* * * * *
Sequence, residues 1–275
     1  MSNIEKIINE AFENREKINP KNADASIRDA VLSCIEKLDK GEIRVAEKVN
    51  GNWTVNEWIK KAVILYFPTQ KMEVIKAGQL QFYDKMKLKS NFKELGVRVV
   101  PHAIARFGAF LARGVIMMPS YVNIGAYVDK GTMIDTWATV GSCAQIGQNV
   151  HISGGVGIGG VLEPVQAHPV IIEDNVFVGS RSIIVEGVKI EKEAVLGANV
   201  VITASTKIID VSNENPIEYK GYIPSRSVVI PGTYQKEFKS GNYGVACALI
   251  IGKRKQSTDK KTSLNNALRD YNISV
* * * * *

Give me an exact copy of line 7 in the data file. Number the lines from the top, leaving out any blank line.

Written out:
   251  IGKRKQSTDK KTSLNNALRD YNISV